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From Joe Schaefer <joe_schae...@yahoo.com>
Subject Re: Fair-use data in svn
Date Sun, 07 Nov 2010 03:17:35 GMT
The SpamAsssassin stuff lives in a virtual host provided
by Apache.  That is how I would go about acquiring the
copyrighted content without redistributing it to anyone
other than those with an account on the virtual host.



----- Original Message ----
> From: Benson Margulies <bimargulies@gmail.com>
> To: legal-discuss@apache.org
> Sent: Sat, November 6, 2010 11:13:39 PM
> Subject: Re: Fair-use data in svn
> 
> Larry,
> 
> Before I type anything else, I'd better say, "Thank you, I  now
> appreciate that 'fair use' has nothing much to do with the  practical
> matter at hand."
> 
> The process of building NLP models has  three parts: first, collect a
> corpus. Second, annotate it. Third, build a  model.
> 
> My original query here concerns the ability of the ASF to host  the
> first part -- in the case where the desired corpus is made up  of
> copyrighted materials for which no special permissions have  been
> obtained. What I think I've learned from this discussion is that  the
> usual ASF practice -- all 'source' materials are in the source  tree,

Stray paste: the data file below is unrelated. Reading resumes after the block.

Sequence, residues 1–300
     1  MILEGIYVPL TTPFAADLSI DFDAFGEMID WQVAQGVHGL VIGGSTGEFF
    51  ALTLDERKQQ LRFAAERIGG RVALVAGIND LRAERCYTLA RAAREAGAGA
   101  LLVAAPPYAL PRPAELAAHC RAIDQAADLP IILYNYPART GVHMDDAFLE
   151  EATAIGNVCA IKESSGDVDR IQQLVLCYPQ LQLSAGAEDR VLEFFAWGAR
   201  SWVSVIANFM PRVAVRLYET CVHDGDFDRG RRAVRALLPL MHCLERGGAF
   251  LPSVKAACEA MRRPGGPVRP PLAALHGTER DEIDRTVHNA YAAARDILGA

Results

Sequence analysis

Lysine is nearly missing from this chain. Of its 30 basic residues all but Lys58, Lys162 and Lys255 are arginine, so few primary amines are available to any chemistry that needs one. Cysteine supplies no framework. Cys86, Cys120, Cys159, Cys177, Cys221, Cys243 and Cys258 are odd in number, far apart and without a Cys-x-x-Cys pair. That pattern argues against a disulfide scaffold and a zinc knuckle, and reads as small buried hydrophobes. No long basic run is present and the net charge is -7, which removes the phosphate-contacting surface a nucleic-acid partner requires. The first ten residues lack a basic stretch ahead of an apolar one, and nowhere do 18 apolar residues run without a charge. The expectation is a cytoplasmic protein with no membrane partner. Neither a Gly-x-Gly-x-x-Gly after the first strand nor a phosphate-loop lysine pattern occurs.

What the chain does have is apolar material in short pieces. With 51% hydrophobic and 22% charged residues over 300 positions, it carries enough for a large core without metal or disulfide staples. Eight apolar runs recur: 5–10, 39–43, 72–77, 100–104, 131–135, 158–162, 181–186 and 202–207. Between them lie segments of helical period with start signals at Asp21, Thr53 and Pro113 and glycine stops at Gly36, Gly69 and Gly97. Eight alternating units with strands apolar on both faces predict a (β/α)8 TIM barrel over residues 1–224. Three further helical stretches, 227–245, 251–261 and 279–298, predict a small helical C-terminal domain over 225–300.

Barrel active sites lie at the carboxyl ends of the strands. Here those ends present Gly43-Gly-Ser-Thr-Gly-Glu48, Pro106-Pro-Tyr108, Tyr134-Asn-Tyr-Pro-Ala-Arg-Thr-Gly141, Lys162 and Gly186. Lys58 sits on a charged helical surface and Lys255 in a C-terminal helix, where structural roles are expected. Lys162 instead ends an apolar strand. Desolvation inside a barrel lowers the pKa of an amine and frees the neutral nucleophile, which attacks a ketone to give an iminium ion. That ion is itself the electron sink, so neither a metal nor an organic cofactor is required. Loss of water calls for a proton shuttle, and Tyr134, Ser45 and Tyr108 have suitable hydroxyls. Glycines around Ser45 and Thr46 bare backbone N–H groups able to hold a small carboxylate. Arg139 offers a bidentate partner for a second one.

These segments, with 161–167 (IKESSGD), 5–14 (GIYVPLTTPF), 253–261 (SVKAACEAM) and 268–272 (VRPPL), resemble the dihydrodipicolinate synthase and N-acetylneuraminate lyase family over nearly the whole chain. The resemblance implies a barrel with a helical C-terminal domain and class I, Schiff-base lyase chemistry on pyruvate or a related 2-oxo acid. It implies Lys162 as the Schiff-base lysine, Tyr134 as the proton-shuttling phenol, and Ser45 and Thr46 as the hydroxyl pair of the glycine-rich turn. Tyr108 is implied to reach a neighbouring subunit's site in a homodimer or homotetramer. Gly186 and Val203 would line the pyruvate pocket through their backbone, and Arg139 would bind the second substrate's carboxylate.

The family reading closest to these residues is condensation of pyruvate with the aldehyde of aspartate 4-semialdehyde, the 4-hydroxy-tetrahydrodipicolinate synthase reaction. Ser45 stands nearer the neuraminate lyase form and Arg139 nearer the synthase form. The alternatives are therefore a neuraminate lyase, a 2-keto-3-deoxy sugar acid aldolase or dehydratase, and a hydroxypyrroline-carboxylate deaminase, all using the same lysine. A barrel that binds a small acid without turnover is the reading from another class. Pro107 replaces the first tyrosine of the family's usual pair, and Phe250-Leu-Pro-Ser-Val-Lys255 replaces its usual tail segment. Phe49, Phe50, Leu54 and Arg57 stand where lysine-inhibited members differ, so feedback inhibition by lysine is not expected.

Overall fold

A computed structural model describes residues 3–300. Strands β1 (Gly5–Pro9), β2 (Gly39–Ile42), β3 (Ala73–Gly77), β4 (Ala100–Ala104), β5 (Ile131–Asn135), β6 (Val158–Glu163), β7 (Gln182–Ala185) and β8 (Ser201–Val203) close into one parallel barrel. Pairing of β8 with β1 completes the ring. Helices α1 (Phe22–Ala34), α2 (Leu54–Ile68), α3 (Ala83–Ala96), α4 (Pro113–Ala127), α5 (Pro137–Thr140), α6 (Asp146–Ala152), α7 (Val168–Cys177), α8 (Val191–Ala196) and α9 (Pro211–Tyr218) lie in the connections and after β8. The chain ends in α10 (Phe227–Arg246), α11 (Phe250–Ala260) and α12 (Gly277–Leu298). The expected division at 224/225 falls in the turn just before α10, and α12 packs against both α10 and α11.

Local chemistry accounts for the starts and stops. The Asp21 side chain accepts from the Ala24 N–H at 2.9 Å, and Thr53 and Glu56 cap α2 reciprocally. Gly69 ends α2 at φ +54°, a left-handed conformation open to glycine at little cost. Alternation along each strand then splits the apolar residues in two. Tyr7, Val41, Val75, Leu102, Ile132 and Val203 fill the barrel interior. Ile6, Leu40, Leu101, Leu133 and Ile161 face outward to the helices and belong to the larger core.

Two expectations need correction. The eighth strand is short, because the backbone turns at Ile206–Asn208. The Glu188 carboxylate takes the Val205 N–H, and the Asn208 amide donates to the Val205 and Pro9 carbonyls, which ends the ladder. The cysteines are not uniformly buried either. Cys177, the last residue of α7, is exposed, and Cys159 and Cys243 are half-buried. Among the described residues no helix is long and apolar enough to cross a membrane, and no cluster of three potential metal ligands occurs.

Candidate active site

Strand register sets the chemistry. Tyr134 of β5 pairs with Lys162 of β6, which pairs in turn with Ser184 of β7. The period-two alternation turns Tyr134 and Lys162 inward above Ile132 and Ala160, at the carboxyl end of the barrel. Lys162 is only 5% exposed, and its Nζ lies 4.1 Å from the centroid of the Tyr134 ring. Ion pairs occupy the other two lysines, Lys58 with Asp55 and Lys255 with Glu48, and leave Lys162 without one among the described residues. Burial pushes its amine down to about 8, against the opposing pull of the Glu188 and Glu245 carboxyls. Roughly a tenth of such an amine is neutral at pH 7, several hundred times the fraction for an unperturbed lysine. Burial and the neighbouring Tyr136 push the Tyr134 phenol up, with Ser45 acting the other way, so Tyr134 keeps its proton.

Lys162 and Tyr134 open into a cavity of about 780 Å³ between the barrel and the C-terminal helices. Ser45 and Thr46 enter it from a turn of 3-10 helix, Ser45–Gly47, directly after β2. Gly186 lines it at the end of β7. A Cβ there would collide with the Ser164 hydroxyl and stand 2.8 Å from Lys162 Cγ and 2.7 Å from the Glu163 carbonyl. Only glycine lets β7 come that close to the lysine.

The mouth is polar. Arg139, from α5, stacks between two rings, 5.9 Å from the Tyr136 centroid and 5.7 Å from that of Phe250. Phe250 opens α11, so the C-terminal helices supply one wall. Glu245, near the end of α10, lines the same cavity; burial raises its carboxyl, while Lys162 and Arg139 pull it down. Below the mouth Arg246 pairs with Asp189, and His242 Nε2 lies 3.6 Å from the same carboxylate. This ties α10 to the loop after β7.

> available to anyone -- is essentially a publication that is likely  to
> infringe on copyright.
> 
> So, unless the ASF is willing to sanction an  alternative process to
> checking everything into the public source tree, ASF  projects can't do
> this entire process. Not because the models, as per your  most recent
> message, themselves can infringe, but because the publication of  the
> source materials would. I did want to double-check my belief that  a
> model derived from text was not, on its face, a derived work that
> could  infringe -- before I bothered anyone any further about this.
> 
> So, in my  mind, this brings us to the question of how the ASF could
> serve as a  collection point for copyrighted corpora. The answer might
> be, "It can't."  Dan Kulp raised what to me is the obvious alternative:
> some storage  accessible to committers but not the general public.
> Since this is the  legal-discuss list, it strikes me as sensible for
> this discussion to discover  those strategies that are *legally*
> reasonable (if any), and leave it to,  well, the board, to decide if
> any of those are tolerable from the standpoint  of the Foundation's
> goals. So, if I use a spider to grab a large amount of  copyrighted
> material, how narrowly do I have to control its distribution to  avoid
> infringement? The spamassasin example seems apposite, and I wish  that
> Daryl would give more details about where the ham is kept and who  has
> access to it, and what legal determination went into setting up  the
> whole  business.
> 
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> 


      

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